Unwise Spending Exposes Europe's Economic Errors
"Put simply, the Court found too many cases of EU money not hitting the target or being used sub-optimally," Vitor Caldeira, President of the European Court of Auditors, said this month, when presenting the body's report on 2011 spending.
Across southern Europe examples of questionable spending decisions are easy to find.
EU funds stoked Spain's overheated construction sector, helping to inflate a real estate bubble that burst with devastating effect in 2008.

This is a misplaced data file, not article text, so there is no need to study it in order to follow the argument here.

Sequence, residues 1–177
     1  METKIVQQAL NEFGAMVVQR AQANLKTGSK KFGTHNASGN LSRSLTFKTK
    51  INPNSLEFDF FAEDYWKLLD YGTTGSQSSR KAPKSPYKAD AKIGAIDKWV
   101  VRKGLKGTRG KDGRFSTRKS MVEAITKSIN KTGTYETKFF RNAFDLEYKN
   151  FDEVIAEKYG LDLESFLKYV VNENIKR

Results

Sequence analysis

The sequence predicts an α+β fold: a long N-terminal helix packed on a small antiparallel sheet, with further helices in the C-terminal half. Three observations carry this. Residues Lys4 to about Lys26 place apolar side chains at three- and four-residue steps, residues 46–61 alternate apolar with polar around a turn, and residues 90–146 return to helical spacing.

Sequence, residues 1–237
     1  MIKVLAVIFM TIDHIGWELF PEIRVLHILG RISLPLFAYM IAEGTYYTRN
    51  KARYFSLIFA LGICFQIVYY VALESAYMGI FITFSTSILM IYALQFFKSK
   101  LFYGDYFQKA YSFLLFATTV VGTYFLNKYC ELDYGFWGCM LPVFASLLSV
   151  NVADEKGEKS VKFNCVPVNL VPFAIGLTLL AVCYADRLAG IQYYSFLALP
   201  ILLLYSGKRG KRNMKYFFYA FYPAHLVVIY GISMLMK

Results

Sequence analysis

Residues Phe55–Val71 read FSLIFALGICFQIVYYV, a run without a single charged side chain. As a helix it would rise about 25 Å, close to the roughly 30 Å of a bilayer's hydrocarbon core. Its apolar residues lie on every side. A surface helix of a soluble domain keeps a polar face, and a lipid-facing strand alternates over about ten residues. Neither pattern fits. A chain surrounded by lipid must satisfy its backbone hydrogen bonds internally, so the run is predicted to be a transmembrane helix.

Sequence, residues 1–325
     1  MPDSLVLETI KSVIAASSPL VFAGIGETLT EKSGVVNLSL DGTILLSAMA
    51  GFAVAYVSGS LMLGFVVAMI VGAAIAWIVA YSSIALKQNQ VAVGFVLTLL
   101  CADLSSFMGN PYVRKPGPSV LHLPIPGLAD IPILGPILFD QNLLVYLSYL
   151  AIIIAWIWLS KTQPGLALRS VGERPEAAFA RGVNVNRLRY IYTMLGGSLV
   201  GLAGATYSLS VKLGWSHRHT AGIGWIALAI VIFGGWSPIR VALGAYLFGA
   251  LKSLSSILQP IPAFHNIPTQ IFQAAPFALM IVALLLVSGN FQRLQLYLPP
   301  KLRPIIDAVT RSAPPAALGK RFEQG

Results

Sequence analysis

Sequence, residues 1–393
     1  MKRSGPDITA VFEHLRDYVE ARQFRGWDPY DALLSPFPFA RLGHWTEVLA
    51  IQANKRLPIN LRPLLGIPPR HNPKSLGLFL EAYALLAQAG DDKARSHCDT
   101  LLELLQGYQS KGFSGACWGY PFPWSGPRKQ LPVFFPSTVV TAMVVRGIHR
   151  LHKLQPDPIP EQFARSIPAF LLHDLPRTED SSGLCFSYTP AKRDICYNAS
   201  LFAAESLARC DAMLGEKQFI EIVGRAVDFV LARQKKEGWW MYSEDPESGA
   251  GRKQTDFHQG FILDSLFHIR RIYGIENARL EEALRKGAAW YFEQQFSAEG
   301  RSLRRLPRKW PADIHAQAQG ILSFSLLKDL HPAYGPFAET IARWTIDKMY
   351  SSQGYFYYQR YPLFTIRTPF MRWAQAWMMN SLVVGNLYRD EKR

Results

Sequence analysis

Almost a third of the roughly â¿¬35 billion of structural funds that went to Spain over the 2007-2013 period was channeled to infrastructure projects â¿¿ ignoring perilous over-investment by the country's regional governments that now are appealing for financial rescues. Despite the billions poured into the Spanish economy, the country is in the grip of a double-dip recession with a 25 percent unemployment rate.A three-year investigation by European and Italian authorities into EU-funded road-building programs in Sicily, meanwhile, unearthed illegal sub-contracting, a lack of proper oversight and conflicts of interest, among other shortcomings. Italy had to repay â¿¬389 million. Italy's southern Mafia heartland also yielded some of the more scandalous cases of abuse. According to an inventory compiled by the Open Europe think-tank, one program in Sicily involved around â¿¬300 million to improve trash collection and recycling. The recycling target was fixed at 35 percent, but the island achieved only 6 percent. Also, â¿¬230 million was used to improve Sicily's railway network, but only eight kilometers (five miles) of track was repaired. The EU's anti-fraud agency, OLAF, says last year it recouped about â¿¬690 million after investigations across the bloc. The biggest amount â¿¿ â¿¬525 million â¿¿ was recovered from structural funds. In Portugal, which has collected almost â¿¬50 billion from the EU over the past two decades, an infrastructure construction spree became so notorious it got its own moniker â¿¿ "a politica do betao" (the politics of concrete) â¿¿ as politicians plundered the aid programs for vote-winning projects. In 1989, Portugal had just 210 kilometers (130 miles) of highways; 20 years later, it had 2,860 kilometers (1,777). That's a lot of highway in a country about 550 kilometers (240 miles) long and less than 200 kilometers (125 miles) wide.
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